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Habermas on _The Future of Human Nature_

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  • Gary E. Davis
    I came across a lecture that JH gave in Paris, 2001, soon after publishing _The Future of Human Nature_, in which he gave a condensed version of his book s
    Message 1 of 2 , Jan 1, 2013
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      I came across a lecture that JH gave in Paris, 2001, soon after publishing _The Future of Human Nature_, in which he gave a condensed version of his book's argument. So, that's JH's own review of his book. Then Cristina Lafont provided a response. It was published in the American Philosophical Association Newsletter on "Philosophy and Medicine," 2003. Here's a PDF of it:

      A Sketch of L’avenir de la nature humaine 
      http://dl.dropbox.com/u/36809571/JHab/JH_on_FHN_Dec.2001.pdf

      I've deleted the remainder of the newsletter (articles unrelated to JH's lecture), but kept the editor's introductory page, which mentions material I've deleted. 


      Eventually, all of the marginal English material by JH that I put in the Yahoo! Groups "File" area years ago will be moved to the Dropbox location that doesn't require subscription to access (not that subscription is prohibitive—though you have to go through Yahoo! account set-up, if you don't already have one, which can feel like a hassle). Nonsubscribers have always been able to access the postings of the group online, but not the "Files" area. 

      The group seems to be dead, but there are still living members. One, Daniel Henrich, recently published an article on JH's _The Future of Human Nature_, in a not-easily-available journal titled _Ethical Perspectives_. Here's the very interesting abstract: 

      "Human Nature and Autonomy. Jurgen Habermas' Critique of Liberal Eugenics"
      http://www.ethical-perspectives.be/page.php?LAN=E&FILE=ep_detail&ID=149&TID=1331


      This essay examines whether Habermas' approach to bioethics implies that the ethical challenges of eugenics cannot be answered within the scope of a deontological account, but only with reference to a concept of the good life or a normative anthropology. First, Habermas' 'argument against alien determination' is elaborated, based on an action-theoretical concept of 'human nature' which is analyzed in the part three. Habermas' main objection against genetic engineering, namely that it entails a reification of human nature by undermining the consciousness of autonomy of the genetically manipulated person, is also discussed. Subsequently, his concept of human nature as a condition of possibility of our ethical self-understanding, which is expressed in the phrase 'ethics of the species', is introduced. It is argued that this term clearly indicates Habermas' departure from the path of deontological ethics. Moreover, this essay asserts that two readings of the
      argument against alien determination are possible (a weak and a quasi-transcendental one) and that the expression 'consciousness of autonomy' therefore remains ambiguous. The fourth part of the paper deals with the question whether or not the argument against alien determination is conditional on the assumption of genetic determinism. In part five, the author claims that in contrast to earlier conceptions, Habermas now implicitly raises the question 'Why be moral?' and at the same time refuses to address it. The essay concludes with two different anthropological accounts that can be found in Habermas' work and that might be helpful to correct the anthropological deficiency of his bioethical account.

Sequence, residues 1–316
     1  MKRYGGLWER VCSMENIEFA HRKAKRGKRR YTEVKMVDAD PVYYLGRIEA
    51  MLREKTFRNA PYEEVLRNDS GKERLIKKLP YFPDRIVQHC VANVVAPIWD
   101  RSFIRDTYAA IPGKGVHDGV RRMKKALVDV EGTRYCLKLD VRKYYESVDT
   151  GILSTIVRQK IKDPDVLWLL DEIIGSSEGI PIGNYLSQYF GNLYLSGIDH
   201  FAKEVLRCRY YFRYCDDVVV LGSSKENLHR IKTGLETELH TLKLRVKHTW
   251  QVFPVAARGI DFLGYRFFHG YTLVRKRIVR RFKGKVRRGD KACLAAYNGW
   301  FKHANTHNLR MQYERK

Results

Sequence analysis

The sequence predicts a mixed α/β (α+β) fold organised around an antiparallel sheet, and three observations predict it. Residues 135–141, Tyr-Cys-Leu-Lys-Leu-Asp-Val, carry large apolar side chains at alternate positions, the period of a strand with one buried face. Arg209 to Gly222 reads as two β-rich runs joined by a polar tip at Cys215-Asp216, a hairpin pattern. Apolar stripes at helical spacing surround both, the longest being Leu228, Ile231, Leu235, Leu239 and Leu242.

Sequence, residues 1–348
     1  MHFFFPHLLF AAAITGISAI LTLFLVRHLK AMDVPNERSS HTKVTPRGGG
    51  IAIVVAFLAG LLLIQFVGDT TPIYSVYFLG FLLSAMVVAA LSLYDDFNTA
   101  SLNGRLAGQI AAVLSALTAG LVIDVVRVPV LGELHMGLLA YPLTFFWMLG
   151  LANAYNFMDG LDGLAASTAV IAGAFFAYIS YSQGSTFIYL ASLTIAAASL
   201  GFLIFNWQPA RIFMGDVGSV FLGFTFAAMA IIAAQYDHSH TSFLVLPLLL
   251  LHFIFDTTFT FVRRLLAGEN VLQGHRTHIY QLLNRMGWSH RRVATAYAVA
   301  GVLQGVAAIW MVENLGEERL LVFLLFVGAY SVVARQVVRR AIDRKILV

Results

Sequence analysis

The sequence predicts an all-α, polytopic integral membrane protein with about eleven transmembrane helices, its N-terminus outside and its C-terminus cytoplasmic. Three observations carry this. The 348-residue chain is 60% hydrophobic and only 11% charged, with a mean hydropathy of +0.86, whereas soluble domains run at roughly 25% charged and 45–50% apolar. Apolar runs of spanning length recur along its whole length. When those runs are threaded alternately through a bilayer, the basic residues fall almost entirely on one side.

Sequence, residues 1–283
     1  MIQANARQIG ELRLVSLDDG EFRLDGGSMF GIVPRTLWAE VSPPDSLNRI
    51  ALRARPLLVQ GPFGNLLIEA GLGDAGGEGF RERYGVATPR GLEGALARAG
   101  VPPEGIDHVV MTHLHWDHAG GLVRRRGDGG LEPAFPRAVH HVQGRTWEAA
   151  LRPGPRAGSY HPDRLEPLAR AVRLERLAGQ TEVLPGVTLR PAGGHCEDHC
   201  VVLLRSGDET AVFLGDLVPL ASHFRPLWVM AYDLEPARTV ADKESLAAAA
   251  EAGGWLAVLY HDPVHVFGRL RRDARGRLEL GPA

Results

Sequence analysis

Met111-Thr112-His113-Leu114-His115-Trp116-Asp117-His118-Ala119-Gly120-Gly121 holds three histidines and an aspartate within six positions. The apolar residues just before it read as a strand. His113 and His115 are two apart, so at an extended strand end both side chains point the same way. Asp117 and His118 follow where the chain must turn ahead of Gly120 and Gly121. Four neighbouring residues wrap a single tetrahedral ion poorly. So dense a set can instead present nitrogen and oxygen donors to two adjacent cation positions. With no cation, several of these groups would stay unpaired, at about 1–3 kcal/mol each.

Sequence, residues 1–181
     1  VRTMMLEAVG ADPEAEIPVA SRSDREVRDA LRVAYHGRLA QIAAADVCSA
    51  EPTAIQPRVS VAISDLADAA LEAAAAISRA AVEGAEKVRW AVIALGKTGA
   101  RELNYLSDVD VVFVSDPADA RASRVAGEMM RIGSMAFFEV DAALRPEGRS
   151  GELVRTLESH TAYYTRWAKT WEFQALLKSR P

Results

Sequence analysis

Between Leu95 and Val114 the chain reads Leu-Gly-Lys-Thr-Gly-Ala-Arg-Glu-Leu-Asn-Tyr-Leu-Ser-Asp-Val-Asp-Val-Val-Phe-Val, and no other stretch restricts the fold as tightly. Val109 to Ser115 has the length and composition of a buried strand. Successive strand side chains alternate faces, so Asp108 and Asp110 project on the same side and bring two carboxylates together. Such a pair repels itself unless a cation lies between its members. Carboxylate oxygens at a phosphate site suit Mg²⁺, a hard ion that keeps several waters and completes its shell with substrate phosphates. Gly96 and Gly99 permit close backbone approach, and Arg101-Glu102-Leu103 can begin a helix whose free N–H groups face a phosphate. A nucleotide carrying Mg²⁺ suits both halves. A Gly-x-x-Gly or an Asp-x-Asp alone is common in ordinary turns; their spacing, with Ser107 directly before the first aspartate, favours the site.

I've asked Daniel for a PDF of his essay (since the journal isn't in my library and evidently copies of single articles can't be purchased), but he hasn't responded yet. 

      I expect to get back to posting this year. I've read somewhere that Yahoo! intends to upgrade the group discussion platform, as part of the goals of the new leadership. Maybe the groups software will become more friendly to embedded links on distributed postings, etc. 

      I wish you a fruitful new year!

      Gary

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    • Gary E. Davis
      I do hope to hear back from Daniel, because issues of liberal eugenics will become only more timely as genomic bioscience continues its accomplishments. 
      Message 2 of 2 , Jan 1, 2013
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        I do hope to hear back from Daniel, because issues of "liberal eugenics" will become only more timely as genomic bioscience continues its accomplishments. 

        I'm very interested in this, though I don't know that I'll dwell with it again soon, because I have other commitments. But I can be drawn into it again, at least because it's a long-term, very deliberate interest of mine (e.g., I own a large group of recent books on the area). 

        Some subscribers will recall that, once upon a time, Habermasian discussion was a very lively endeavor by engaged readers of Habermas' work. At the Spoon Collective, I got very involved with a reading of JH's essay on liberal eugenics soon after it first appeared.

        In late October and early November, 2001, I posted at much length, and there was good response. 

        October, 2001
        http://www.driftline.org/cgi-bin/archive/archive.cgi?list=spoon-archives/habermas.archive/habermas_2001/habermas.0110


        My substantive postings were postings #s: 

        77
        87
        105
        107
        110
        113
        114
        116

        November, 2001
        http://www.driftline.org/cgi-bin/archive/archive.cgi?list=spoon-archives/habermas.archive/habermas_2001/habermas.0111


        1
        2
        3
        6
        7
        10
        14
        23
        25
        26
        28

        heady days.

        Gary


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